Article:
Better Baking Puts the "Super" in Chip-Scale Supercapacitor

Solid-state devices benefit from better batter and adjustments in cooking time and temperature

3 min read
Better Baking Puts the "Super" in Chip-Scale Supercapacitor

microsupercapacitor fig 1

Illustration: John Chmiola/Drexel University
Click on the image to enlarge.

28 April 2010—With the advent of microelectromechanical systems (MEMS) and even tinier nanoelectromechanical systems (NEMS), the days of inserting a couple of AA batteries into a gadget and calling it a day are, at best, in technology’s side-view mirror. Supercapacitors hold a lot of promise as the successor to batteries, because they can be charged and discharged rapidly, don’t lose energy capacity when they’re recharged after incomplete discharges, and can stand up to an infinite number of charge-discharge cycles. Try as they might, though, engineers haven’t been able to design one whose energy storage capacity isn’t woefully meager compared to batteries.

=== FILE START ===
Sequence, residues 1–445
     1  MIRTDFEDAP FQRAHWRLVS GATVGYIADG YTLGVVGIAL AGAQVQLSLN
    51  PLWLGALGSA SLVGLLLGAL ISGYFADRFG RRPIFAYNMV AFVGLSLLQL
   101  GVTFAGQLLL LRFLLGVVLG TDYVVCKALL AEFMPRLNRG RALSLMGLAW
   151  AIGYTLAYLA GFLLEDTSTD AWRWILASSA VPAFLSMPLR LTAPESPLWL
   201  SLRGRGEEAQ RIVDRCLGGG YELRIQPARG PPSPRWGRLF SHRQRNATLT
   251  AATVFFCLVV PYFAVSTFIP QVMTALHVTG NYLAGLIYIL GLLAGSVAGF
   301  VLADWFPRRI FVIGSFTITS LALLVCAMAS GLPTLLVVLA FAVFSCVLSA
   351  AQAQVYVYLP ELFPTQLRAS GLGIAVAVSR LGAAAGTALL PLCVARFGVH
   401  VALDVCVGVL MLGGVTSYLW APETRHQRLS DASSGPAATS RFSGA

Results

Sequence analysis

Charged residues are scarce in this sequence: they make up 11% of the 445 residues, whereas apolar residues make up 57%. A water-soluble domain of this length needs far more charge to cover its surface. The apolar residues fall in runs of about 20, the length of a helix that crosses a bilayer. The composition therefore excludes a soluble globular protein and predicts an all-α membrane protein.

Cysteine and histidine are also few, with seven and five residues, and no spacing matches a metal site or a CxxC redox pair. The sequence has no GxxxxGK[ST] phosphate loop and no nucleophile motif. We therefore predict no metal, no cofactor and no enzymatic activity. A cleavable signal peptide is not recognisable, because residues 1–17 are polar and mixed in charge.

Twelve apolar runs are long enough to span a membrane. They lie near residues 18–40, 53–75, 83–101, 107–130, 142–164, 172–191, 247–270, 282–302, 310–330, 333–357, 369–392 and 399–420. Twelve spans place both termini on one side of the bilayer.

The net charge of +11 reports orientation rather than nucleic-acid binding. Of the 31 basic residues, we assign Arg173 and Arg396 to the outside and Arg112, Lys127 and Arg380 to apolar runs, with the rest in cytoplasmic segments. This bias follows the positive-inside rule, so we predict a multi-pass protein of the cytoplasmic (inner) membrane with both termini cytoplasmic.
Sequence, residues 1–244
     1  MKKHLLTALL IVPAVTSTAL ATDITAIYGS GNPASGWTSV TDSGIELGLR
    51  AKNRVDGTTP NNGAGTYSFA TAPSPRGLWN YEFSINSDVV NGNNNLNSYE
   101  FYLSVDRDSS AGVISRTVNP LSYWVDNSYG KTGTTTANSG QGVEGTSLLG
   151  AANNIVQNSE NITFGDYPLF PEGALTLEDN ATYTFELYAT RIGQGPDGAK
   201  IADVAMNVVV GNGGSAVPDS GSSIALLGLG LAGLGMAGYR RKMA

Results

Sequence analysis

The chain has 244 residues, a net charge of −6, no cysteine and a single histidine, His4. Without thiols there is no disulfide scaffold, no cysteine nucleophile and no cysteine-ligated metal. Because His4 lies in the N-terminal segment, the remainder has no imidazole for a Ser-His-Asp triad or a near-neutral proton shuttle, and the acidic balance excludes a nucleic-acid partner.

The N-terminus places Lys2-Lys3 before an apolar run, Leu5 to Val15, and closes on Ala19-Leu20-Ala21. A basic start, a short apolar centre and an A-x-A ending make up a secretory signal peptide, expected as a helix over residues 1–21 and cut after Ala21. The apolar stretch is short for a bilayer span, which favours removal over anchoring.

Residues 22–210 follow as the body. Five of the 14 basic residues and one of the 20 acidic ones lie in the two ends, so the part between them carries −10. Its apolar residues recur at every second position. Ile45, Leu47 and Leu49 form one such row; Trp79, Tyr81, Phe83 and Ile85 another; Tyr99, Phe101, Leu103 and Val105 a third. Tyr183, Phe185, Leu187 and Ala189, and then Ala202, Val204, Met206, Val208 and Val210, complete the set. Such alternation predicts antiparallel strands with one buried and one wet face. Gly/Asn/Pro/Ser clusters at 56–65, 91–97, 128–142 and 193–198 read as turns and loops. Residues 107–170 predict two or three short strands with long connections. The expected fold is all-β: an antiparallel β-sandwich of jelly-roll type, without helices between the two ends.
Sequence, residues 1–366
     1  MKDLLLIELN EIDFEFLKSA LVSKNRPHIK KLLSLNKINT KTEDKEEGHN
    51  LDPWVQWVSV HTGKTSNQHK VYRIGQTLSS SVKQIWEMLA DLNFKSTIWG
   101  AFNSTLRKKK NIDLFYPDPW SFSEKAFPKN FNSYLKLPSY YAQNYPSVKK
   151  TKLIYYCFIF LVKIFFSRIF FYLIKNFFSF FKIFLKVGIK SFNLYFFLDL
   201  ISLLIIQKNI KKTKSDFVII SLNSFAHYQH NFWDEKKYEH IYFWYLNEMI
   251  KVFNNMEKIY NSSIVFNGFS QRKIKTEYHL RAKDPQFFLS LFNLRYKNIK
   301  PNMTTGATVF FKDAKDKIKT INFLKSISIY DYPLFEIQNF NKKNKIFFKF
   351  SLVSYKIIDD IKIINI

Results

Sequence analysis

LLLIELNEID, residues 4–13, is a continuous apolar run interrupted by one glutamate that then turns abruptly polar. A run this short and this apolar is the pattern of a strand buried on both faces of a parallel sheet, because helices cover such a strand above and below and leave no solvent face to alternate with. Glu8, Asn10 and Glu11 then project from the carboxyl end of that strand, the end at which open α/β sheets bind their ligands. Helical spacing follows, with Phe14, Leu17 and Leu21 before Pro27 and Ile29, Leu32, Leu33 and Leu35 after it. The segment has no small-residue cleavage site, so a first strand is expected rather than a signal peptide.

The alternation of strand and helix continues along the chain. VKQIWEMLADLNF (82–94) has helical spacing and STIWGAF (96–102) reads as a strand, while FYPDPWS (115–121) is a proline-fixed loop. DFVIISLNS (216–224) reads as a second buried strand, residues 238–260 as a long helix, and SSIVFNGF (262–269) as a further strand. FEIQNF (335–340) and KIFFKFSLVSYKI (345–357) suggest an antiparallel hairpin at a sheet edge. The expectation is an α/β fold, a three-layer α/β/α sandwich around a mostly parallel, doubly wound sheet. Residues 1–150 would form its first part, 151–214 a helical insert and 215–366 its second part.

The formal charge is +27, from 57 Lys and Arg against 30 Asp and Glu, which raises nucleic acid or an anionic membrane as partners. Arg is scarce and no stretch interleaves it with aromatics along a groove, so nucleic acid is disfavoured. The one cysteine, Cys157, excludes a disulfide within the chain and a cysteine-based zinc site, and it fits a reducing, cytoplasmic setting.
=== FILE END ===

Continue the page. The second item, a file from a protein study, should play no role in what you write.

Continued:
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The Transistor of 2047: Expert Predictions

What will the device be like on its 100th anniversary?

4 min read
Six men and a woman smiling.

The luminaries who dared predict the future of the transistor for IEEE Spectrum include: [clockwise from left] Gabriel Loh, Sri Samavedam, Sayeef Salahuddin, Richard Schultz, Suman Datta, Tsu-Jae King Liu, and H.-S. Philip Wong.


The 100th anniversary of the invention of the transistor will happen in 2047. What will transistors be like then? Will they even be the critical computing element they are today? IEEE Spectrum asked experts from around the world for their predictions.

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